Ideally, it is best to consult with your dermatologist and get a professional opinion before getting a microdermabrasion treatment. Sometimes it may harm instead of helping your skin, and your dermatologist can recommend safer alternatives.
Some examples of alternative treatments are:
- Chemical peels are a viable option if the grit and suction of microdermabrasion procedures are unsuitable for your skin. They also exfoliate and rejuvenate skin without being as aggressive.
- Salon facials are relaxing, can make your skin brighter, and softer to touch. You can also get the gunk and blackheads extracted from your pores for a proper cleanse. They have the added benefit of being customized to skin type, but be sure to tell your aesthetician about skin issues and medications you might be using.
- Acne treatment medication might be a better fit if you’re attempting to treat acne with microdermabrasion. For most acne patients, tried-and-true medication prescribed by a dermatologist is more effective.
A point to be clarified is that microdermabrasion is not the same as dermaplaning, which is a procedure that exfoliates your skin and also eliminates dirt and vellus hair—also known as peach fuzz. Instead of using a high-speed brush to exfoliate the skin (as in dermabrasion), in the process of dermaplaning, doctors or aestheticians use a scalpel or a tool called a dermatome.
In the days following microdermabrasion, common side effects include:
- general tenderness such as stinging sensations or burning
- increased sensitivity to sunlight
- redness of the skin, similar to sunburn
While rarer, some people might also experience:
- mild pimples or acne
If any patch of your skin is bleeding, changing or growing in any way, it is best to consult a doctor. These issues can indicate skin cancer.
As microdermabrasion works on the skin’s surface, there are few long-term issues. However, tenderness, swelling, or minor bruising is to be expected. Typically, your skin will be slightly pink post-treatment— this usually fades within the next few hours.
For a few days, you might feel sensations similar to mild sunburn. Acne treatments, medicated cleansers and toners might burn or sting after a microdermabrasion treatment. However, makeup, moisturizers, and non-medicated facial cleansers can typically be used after treatment without consequences.
You should also increase sunscreen usage during the healing process as microdermabrasion makes you more susceptible to sun damage.
What is Microneedling?
Microneedling is a minimally invasive method employed by dermatologists to treat various skin conditions. This technique is a derma roller procedure that involves the use of numerous tiny, sterile needles to puncture the skin. This physical trauma increases collagen production and triggers other healing factors to keep the skin looking youthful, with a firm and taut texture.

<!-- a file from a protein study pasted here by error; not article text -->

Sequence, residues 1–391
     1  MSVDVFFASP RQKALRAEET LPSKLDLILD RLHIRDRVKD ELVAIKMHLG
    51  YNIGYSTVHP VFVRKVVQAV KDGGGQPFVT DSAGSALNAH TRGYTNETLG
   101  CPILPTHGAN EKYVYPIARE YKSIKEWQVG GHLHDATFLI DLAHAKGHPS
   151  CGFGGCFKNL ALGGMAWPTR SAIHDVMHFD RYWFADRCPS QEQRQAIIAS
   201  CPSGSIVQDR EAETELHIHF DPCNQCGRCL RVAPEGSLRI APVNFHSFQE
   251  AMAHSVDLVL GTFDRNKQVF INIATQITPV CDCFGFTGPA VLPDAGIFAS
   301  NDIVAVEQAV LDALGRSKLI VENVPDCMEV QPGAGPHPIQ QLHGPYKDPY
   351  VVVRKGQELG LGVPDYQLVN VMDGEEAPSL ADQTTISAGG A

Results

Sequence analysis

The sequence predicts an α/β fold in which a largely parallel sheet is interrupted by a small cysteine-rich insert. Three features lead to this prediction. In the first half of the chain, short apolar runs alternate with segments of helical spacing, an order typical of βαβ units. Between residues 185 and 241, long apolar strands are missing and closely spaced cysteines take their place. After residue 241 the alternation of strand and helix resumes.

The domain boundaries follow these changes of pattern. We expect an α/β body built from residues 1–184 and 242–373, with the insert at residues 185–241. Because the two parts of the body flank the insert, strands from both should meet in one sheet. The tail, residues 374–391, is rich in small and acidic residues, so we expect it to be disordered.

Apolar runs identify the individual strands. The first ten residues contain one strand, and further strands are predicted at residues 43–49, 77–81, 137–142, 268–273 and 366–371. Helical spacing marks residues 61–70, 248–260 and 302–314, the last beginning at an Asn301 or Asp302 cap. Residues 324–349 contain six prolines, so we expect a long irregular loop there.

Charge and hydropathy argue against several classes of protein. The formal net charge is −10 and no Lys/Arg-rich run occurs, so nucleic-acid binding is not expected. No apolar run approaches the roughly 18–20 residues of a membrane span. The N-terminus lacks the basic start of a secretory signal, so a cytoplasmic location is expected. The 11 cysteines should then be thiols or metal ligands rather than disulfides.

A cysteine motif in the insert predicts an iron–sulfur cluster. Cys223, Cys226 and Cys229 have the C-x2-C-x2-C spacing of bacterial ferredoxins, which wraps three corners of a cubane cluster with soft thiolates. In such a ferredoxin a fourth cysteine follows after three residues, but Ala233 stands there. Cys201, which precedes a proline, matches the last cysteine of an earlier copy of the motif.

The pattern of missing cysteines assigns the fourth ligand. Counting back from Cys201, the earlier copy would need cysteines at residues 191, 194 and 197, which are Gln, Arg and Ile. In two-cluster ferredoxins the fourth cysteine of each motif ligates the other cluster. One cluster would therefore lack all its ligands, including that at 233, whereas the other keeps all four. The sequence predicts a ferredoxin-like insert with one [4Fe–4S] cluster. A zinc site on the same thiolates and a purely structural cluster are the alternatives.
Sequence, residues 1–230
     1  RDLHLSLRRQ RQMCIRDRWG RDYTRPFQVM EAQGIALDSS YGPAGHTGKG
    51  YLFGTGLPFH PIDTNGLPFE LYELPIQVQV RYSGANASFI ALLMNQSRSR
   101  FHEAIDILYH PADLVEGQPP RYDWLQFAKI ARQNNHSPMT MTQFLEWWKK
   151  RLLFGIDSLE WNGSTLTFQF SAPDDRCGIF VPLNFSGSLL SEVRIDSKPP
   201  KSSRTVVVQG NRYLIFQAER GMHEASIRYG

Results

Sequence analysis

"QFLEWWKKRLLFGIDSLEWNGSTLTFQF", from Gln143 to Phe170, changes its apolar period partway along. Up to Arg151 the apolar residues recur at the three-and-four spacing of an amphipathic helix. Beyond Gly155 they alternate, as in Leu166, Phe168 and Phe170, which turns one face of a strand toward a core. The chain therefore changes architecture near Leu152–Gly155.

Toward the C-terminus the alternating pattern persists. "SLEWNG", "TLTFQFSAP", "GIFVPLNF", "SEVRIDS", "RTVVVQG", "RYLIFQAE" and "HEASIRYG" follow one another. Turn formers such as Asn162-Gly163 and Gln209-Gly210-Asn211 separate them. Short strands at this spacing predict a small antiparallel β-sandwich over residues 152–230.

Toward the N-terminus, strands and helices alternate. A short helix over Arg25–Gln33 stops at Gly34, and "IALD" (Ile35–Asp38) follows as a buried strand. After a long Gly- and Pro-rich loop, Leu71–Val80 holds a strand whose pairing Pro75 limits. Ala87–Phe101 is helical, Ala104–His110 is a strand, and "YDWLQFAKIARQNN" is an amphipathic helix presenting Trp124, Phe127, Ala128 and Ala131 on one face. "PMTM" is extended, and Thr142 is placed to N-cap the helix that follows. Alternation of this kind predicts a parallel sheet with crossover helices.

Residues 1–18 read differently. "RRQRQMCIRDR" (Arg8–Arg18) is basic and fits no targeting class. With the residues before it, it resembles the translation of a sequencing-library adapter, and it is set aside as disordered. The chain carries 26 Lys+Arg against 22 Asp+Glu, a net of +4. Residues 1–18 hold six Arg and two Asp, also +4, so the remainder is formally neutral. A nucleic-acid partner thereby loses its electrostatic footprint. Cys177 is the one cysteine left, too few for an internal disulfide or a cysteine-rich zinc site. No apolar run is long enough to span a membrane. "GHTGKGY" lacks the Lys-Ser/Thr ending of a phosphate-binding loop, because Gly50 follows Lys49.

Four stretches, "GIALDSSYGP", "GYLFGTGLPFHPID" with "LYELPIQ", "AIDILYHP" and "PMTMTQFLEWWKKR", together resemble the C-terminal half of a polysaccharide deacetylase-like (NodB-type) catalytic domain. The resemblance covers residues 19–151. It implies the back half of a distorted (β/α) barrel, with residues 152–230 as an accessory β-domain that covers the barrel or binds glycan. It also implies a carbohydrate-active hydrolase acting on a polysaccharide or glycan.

This procedure, like microdermabrasion, works on the science of collagen, which is an essential protein that helps keep the skin smooth and young. Ageing causes collagen in the skin to decline, which contributes to wrinkles and other signs of age. Skin can also lose collagen due to scarring from acne, stretch marks, or other injuries.
It is effective in treating minor scarring related to acne, ageing, and surface wounds. You’ll also notice brighter, firmer skin.
It is important to clarify that microneedling is NOT a quick solution. While it requires no downtime for recovery, seeing the full results of the procedure can take several months as it involves the growth of new skin.
Most people get microneedling done on their faces, but it can also be employed on other parts of the body, such as the stomach or thighs. The procedure aims to start the body’s healing process by generating collagen and elastin to patch up the micro-injuries caused by the needles.
First, a numbing cream is applied onto the site of treatment so the needle pricks are virtually painless. Then the technician will move a pen-shaped or rolling device with tiny needles over your skin. The needles make tiny cuts that cause minor bleeding. Your service provider may also spread an ointment or serum on your skin afterwards.
Microneedling procedures may take anywhere from 10 to 20 minutes, depending on the size of the area being treated. Total preparation and procedural time might be longer, but not more than 2 hours. People usually need between 4 to 6 treatments to see results.
Dermatologists and aestheticians can both provide microneedling services. There are also DIY microneedling devices although dermatologists warn against them as you might hurt your skin, especially through improper sterilization of the needles.
If you get an appointment somewhere other than a doctor’s office, you should confirm their credentials, and make sure that the equipment is sterilized.
Microneedling is especially effective for the following:
- alopecia or extreme hair loss
- burn scars
- hyperhidrosis (excessive sweating disorder)
- hyperpigmentation (dark spots/ discoloration on your skin)
- large pores
- poor skin elasticity or loose skin (such as after major weight loss, or liposuction)
- rejuvenation of skin
- scarring— from cuts and/ or surgery
- signs of aging such as fine lines and wrinkles
- stretch marks
- sun damage